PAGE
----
“I’m an American. Hey, I am a red-blooded, true to the core, American born-and-bred guy. And I’ve had great uncles, family, that have fought in military (sic) that have been in wars and I just honor this country and respect this country. I mean, just, to the ultimate. And I, personally, like the flag, yes it’s a piece of material, okay? But that flag represents our country and the men who have fought and died, and all of our freedoms, yes,” said Scott. “
That's funny. I'm also a red-blooded, true to the core, American born-and-bred guy. I guess that's why I respect and support the rights and liberties of citizens to use whatever law-abiding tactic they want to peacefully protest and bring attention to what they feel are society's discriminatory injustices.
But, I mean, you can’t go out and paint a mustache on Abraham Lincoln. You know, or the Washington Monument? You can’t go paint, ‘Go Mexico,’ on the Washington Monument and get away with it. So, I’m the same way with my flag. That’s a symbol of freedom. Go over to Iraq and burn their flag and see what happens to [you.] Just like my article stated, I’m not against freedom of speech, all of these things, but whenever you go to basically that level of dishonoring your country and I mean, I just do not believe in it. I just totally do not believe in it.”
Really? He's equating taking a knee during the national anthem to painting a mustache on Abraham Lincoln, or vandalizing the Washington Monument? First of all, Abraham Lincoln already had a beard
and mustache, so why waste your time. Second, vandalism is a crime. Whether you're protesting, praying or giving a blow job, taking a knee is not. Trying to compare and connect the two is about as dumb and illogical as saying you support free speech as long as it doesn't dishonor the country.
According to Scott, he was advised to let the issue go by his peers, but felt that the issue was too important to let go.
“ — That’s what we’ve lost as a country. We just think we can do and say and act however we want and it’s okay and it’s not,” Scott stated. “So, it turned me on (sic) as a personal note and then some of the other guys were like, ‘That’s a bunch of bull, you know?’ and then some folks, they’re like, ‘No, you shouldn’t do anything, you’ll just stir things up,’ well, I didn’t go up there to be a passive (sic) and to — just join the club up at the capitol. Or in politics. That’s what’s wrong with politics, I feel, as well.”
Word of advice to Mr. Scott – Listen to your peers! Otherwise, you'll start talking about race and look like an out-of-touch, naïve, racism enabling buffoon:
“I know that they feel — I mean, I’m not a black man so I cannot sit here and say, ‘I know how you feel, brother,’ because I don’t. I grew up as a white man,” Scott said. “— I agree that if they feel there’s police brutality or whatever toward a black man — well there’s statistics out there that far more white guys get shot and killed than the black person. Far more. And the thing is — but nobody hollers about that, you know what I’m saying? Nobody — is yelling about, ‘Oh, they shot my nephew— he got out of the truck and didn’t have a gun and was running and turned around and held his hands up and they shot him!’ — You don’t hear those stories, you know? But, if it’s a black, young man — it’s just like the story’s on steroids or something.”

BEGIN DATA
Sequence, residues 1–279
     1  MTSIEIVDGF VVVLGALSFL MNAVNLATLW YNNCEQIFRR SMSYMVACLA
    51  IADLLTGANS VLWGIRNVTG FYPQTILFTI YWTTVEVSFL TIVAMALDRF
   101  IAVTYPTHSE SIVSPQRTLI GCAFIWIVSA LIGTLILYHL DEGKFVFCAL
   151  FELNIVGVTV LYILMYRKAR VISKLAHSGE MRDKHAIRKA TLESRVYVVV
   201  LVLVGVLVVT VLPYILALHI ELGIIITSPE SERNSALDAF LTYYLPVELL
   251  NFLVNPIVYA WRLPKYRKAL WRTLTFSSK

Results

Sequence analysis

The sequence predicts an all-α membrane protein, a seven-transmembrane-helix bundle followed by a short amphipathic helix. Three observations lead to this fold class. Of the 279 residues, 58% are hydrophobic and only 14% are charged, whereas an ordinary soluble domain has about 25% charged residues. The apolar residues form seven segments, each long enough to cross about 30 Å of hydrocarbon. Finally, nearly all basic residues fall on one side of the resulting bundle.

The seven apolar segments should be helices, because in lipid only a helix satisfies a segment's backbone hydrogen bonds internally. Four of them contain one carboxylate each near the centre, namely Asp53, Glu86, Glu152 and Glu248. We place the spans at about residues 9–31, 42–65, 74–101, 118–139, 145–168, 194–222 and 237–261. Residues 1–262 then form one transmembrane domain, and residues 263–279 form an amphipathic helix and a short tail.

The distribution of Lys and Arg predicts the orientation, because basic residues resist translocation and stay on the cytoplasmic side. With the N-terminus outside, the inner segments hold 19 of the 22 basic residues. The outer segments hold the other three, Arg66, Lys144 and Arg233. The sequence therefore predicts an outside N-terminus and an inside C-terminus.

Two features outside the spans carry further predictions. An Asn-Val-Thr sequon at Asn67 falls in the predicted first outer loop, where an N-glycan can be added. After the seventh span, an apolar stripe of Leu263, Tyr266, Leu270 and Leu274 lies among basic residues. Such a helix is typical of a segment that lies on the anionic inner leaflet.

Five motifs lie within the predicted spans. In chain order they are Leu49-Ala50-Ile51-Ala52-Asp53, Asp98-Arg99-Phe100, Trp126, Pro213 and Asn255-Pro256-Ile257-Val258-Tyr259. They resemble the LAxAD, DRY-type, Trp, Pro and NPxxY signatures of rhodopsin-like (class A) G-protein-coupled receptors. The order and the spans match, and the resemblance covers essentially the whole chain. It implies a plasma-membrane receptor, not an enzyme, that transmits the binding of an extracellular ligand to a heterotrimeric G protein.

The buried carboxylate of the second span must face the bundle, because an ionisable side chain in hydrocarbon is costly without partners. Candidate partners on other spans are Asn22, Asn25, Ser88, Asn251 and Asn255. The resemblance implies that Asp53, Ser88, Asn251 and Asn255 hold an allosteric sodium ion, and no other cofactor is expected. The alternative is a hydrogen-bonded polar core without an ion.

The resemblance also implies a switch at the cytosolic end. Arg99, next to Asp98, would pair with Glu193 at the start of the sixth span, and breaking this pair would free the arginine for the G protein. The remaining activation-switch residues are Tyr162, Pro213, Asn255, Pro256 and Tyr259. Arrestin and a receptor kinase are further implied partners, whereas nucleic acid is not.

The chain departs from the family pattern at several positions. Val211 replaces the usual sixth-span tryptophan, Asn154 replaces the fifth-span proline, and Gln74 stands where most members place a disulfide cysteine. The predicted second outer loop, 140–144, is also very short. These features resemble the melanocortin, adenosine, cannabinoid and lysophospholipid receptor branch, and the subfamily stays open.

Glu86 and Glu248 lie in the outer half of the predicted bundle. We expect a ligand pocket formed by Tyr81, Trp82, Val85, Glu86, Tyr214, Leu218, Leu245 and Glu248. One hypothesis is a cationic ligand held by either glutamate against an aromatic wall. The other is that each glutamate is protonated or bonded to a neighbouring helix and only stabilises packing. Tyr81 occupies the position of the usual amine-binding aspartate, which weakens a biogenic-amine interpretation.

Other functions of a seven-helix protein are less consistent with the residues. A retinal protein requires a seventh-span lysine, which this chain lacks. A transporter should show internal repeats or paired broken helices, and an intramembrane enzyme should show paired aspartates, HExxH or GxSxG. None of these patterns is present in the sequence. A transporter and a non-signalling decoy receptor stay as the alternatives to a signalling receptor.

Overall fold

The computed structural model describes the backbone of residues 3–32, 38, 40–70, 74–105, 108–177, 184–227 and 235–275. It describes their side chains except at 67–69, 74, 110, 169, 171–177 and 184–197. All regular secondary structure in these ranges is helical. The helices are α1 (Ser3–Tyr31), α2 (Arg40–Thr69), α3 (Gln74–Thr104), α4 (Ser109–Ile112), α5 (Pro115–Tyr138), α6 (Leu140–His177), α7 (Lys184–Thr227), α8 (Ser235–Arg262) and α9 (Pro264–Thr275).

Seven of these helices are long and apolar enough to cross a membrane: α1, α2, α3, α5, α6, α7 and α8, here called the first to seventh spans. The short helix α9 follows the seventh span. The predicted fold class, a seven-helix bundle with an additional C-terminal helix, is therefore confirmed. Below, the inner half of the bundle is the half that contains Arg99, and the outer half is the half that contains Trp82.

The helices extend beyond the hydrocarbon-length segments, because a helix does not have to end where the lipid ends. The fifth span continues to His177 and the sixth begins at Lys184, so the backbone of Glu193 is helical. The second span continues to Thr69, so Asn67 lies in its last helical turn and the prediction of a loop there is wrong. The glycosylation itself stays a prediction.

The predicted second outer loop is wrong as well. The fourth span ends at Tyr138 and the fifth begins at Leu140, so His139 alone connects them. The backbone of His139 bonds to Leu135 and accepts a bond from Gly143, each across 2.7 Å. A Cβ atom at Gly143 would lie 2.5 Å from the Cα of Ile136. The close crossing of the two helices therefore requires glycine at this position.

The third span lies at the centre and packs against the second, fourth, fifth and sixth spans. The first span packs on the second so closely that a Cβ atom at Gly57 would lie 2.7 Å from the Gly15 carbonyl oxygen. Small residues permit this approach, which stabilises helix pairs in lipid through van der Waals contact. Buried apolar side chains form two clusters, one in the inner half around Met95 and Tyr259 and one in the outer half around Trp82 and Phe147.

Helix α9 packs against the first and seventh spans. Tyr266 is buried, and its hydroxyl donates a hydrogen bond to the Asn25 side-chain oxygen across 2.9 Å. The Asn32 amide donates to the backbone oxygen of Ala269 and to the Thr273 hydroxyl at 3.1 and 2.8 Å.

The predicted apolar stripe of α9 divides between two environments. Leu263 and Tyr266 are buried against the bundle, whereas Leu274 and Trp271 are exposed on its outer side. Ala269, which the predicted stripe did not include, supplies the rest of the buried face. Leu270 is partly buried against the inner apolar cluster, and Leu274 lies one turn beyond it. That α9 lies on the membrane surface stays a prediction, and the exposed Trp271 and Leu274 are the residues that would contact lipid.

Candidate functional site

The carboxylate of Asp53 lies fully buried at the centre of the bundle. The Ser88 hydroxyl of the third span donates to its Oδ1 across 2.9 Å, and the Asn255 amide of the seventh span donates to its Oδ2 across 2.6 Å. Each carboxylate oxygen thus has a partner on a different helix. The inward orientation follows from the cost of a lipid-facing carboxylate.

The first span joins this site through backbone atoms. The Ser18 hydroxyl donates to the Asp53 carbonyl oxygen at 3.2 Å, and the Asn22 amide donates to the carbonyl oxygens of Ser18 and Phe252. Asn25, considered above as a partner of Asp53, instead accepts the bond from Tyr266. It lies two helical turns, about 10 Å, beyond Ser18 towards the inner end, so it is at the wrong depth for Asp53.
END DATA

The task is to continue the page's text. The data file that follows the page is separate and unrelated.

I think what Scott – who grew up a white man – is trying to say is that the American law enforcement industry doesn't have any deeply rooted inherent biases. Police enforce laws justly for all races and social classes. You just hear about the police violence on unarmed young black men because people like to make a big deal about it. It's not a problem that goes back, oh, a few hundred years or so.
I guess the final question asked by the Duncan Banner was whether or not Scott is mad at us for bringing more attention to his imbecilic thoughts and musings. This was his response:
Scott said he isn’t worried about the extra media attention he has received since The Lost Ogle ran their piece on his column, and is actually grateful for the piece.
“I think what’s funny about it, it’s like telling kids they can’t buy Madonna CDs back in the 80s. What’d they do? They went and bought Madonna CDs. So, that, this, here’s the Lost Ogle, see, nobody even knew about my article except Duncan people and maybe Newcastle, I think, put it in there or Purcell. They all thought it was great, thought it was a good article and everything and I got lots of ‘thank yous’, all that,” said Scott.
Dude! You weren't allowed to buy Madonna CDs back in the 1980s? Don’t you mean cassette tapes? Either way, that explains a lot.
“Well, now that the Ogle’s picked it up, now see, you’re calling me back, now probably Channel 4 is [going to] get a copy of it. E Capitol wants to write a story on it now from the capitol, they didn’t even know about it, so. So, see what I mean? Now it’s getting all of the attention, when before it didn’t really get attention. — Thank you for bringing my point to light — I mean, why be mad at them? They have their opinion — Thank you for bringing to light Senator Scott’s concerns and blasting it throughout the nation now. We appreciate the free press. You know what I mean? I’m not against free press. I get free press all of the time because of silly stuff.”
You're very welcome! We're happy to bring your point to light and show the word how dark your brain is.
Actually, I agree with Scott on this point. Unless you're caught in a southside motel room with a teenage prostitute, or sexual assault your Uber driver on a Monday night, or have HOT WIFE CHLOE NEEDS TO BE PUNISHED on an expense report, I think any publicity is good publicity for an Oklahoma politician. I'm sure the dumb people in Southern Oklahoma who voted for the numbskull are very pleased to learn that he shares their hypocritical, irrational, logic-defying thoughts. Until he's forced to resign in scandal, he has a bright political career ahead of him.